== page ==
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In 2013, AAP won just one of the 14 seats in rural Delhi — the Deoli reserved constituency, where it had the lead in the 2014 Lok Sabha polls as well. In 2013, the BJP won 12 seats in rural Delhi (barring Deoli and Mundka), and in 2014, 13 (barring Deoli).
This time, the AAP has won all 14 rural seats — 13 of them by huge, five-digit margins. In Najafgarh, where it has won by a narrow 1,555-vote margin, the runner-up is not the BJP, but Om Prakash Chautala’s INLD.
What remains to be seen if these results are indicative of a larger trend of farming communities — Jats, Gujjars and Yadavs — moving away from the BJP after having backed it in the Lok Sabha and Haryana assembly elections.
There could be several influencing factors — among them, the Narendra Modi government’s ordinance amending the Land Acquisition Act, moderate increases in minimum support prices for wheat and paddy, shortages and black marketing of urea, mounting sugarcane price arrears, and appointment of a non-farming community chief minister in Haryana.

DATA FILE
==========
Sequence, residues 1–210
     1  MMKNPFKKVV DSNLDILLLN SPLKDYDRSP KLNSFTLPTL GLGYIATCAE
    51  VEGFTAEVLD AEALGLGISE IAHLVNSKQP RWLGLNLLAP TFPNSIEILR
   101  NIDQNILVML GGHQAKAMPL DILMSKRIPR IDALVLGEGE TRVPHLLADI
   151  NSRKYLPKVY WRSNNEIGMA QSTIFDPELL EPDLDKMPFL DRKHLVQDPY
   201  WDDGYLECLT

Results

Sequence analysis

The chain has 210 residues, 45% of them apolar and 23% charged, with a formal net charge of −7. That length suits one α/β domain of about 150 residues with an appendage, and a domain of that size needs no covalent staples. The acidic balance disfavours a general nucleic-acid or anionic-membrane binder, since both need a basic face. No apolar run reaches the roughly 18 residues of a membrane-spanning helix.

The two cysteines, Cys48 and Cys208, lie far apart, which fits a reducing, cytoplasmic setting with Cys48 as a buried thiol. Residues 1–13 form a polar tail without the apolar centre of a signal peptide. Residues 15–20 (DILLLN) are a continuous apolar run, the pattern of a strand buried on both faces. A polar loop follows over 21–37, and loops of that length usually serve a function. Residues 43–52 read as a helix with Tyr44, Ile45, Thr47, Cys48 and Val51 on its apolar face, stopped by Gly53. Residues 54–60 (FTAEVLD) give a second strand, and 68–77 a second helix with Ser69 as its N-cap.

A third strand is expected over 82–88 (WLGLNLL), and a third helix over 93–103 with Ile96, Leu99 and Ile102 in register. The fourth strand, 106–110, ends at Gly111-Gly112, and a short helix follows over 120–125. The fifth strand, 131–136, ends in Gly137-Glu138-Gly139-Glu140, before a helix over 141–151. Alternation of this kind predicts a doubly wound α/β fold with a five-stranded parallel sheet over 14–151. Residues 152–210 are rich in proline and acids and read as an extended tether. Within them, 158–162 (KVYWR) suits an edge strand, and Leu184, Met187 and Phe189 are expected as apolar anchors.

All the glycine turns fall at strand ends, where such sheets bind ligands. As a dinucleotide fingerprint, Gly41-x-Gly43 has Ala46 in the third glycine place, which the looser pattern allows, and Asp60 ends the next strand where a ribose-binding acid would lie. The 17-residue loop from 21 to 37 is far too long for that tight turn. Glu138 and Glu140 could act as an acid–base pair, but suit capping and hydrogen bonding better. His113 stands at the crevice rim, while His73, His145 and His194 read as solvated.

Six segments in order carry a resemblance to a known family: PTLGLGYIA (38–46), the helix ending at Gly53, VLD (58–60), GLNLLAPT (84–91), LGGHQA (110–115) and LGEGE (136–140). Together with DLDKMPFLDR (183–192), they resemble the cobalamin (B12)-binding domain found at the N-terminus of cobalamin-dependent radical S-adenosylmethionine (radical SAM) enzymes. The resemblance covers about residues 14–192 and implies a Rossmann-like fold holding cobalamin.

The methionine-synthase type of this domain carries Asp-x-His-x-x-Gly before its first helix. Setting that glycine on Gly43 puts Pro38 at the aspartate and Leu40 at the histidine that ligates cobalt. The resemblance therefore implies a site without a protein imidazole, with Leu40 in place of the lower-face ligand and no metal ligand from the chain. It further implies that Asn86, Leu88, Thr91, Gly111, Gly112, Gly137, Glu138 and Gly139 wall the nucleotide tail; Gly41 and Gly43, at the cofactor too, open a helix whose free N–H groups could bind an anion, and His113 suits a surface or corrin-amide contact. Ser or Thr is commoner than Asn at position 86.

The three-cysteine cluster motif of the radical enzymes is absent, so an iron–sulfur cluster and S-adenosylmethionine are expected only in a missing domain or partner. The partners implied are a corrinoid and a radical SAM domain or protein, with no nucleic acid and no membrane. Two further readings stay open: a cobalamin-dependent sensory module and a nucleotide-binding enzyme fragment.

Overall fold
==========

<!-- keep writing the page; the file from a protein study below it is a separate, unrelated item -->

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“The 2013 Act had a section that required acquired land not used within five years for the stated purpose to be returned to the original owner. By removing this provision and also granting exemptions on seeking consent from landowners prior to acquisition, the BJP government sent wrong signals to farmers. It had an impact in the Delhi polls,” Yaduveer Singh, general secretary of the All India Jat Mahasabha, said.
While agriculture issues may not matter much for Delhi per se, they have a resonance because “many of us have relatives in Haryana and Uttar Pradesh”. Modi’s promise of ensuring at least 50 per cent profit while fixing MSPs had led farming communities to back BJP. “But this time, they decided to ensure the party’s defeat and voted for AAP,” Singh said.